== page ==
The Hong Kong Takeovers and Mergers Panel (the “HK Panel”) has issued a decision confirming that “acting in concert” is not necessarily defined by a legal agreement and emphasising that consultation with the HK Panel must take place at an early stage in order to avoid unforeseen consequences such as a mandatory offer. The UK Takeovers and Mergers Panel (the “UK Panel”) is highly likely to have come to the same conclusion had the transaction happened in the UK.

As this case shows, the consequences of not consulting the relevant panel can be commercially disadvantageous for the offeror as well as embarrassing for the offeror and its advisers.


Arcelor Mittal (“AM”) approached Mr Han, a major shareholder in China Oriental Group Company Limited (“China Oriental”), in June and July 2007, with a view to discussing possible areas of co-operation in relation to China Oriental. In October 2007, a draft co-operation agreement (the “Co-Operation Agreement”) was initialled by Mr Han and AM; this, inter alia, provided for put and call options over China Oriental shares held by Mr Han.

On 6 November 2007, AM purchased 28% of China Oriental from a different shareholder, Ms Chen (the “Acquisition”), as Mr Han had refused to sign the Cooperation Agreement until the Acquisition took place.

The Co-operation Agreement was then split into a shareholders agreement (the “Shareholders Agreement”) and a business co-operation agreement, each of which was signed on 7 November. The Shareholders Agreement was conditional upon anti-trust approval and contained two call options and a put option (the “Put Option”), each of which was exercisable in certain circumstances.

On 13 November 2007, ING Bank, financial advisers to AM, submitted a draft announcement to the HK Panel which said that, upon the Shareholders Agreement becoming unconditional, Mr Han and AM may be treated as parties acting in concert and that, upon the Shareholders Agreement becoming unconditional, the parties might be required to make an unconditional mandatory offer for the rest of China Oriental’s shares.

The Hong Kong Panel Executive then stated that it had formed the view that it considered AM and Mr Han to be acting in concert at the time AM completed the Acquisition and accordingly that a mandatory offer obligation had been triggered. The matter was then referred to the HK Panel for consideration.

The Hong Kong Panel’s decision

The HK Panel gave its decision on 6 December 2007.

Firstly, it held that AM and Mr Han had been acting in concert at the time of the Acquisition, noting that the Code definition was deliberately vague - “an agreement or understanding (whether formal or informal)”.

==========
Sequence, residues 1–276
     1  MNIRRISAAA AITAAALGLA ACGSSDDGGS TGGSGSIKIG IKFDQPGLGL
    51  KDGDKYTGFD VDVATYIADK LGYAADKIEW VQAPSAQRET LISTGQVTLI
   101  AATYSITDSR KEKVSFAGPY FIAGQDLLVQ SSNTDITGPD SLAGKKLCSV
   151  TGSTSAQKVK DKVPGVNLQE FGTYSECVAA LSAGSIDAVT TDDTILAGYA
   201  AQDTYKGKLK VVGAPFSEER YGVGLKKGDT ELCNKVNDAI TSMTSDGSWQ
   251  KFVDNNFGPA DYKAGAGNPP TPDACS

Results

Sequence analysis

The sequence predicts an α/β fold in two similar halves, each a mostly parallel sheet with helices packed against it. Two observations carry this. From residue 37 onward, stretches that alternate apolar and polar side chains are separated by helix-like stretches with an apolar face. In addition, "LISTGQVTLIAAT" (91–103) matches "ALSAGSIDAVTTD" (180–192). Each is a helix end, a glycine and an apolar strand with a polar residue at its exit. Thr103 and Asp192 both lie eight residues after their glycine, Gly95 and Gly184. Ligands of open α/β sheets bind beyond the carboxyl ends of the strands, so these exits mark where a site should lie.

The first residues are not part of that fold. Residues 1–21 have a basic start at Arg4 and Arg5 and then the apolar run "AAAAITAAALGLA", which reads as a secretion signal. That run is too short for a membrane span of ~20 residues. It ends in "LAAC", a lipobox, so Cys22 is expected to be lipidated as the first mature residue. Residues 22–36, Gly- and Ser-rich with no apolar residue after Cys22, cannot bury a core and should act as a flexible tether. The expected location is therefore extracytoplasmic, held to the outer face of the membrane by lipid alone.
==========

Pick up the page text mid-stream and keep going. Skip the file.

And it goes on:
The HK Panel noted in particular a course of conduct over a period of time prior to the Acquisition and the existence of a common intent and active co-operation before completion of the Acquisition, both of which prevailed over a definition which looked only at narrow formal legal terms. AM and Mr Han had therefore been acting in concert for some time (probably from the initialling of the Co-operation Agreement) but the consequence (i.e. the obligation to make a mandatory bid) was only triggered at the time of the Acquisition.

The UK definition of “acting in concert” is exactly the same and persons involved in UK takeovers should be aware that they could be acting in concert with another party from an early stage, even before any documents are signed.

Secondly, the Put Option with Mr Han constituted a special deal and AM was therefore in breach of Rule 25 of the Hong Kong Takeover Code which prohibits special deals with shareholders unless the HK Panel’s consent is obtained. Again, Rule 16 of the UK Takeover Code is exactly the same and the UK Panel is very likely to have come to the same conclusion.

Finally, the HK Panel was very critical generally of the failure by all parties to consult with the Hong Kong Panel Executive prior to entering into both the Acquisition and the Put Option. It noted in particular paragraph 6.1 of the introduction to the Hong Kong Takeover Code which states that the Hong Kong Panel Executive should always be consulted in advance where there is any doubt as to a proposed course of conduct (see paragraph 6 (b) of the UK Takeover Code which is exactly the same).

This public criticism is obviously embarrassing for those concerned and emphasises the importance of contact with the relevant Panel as early as possible in a transaction.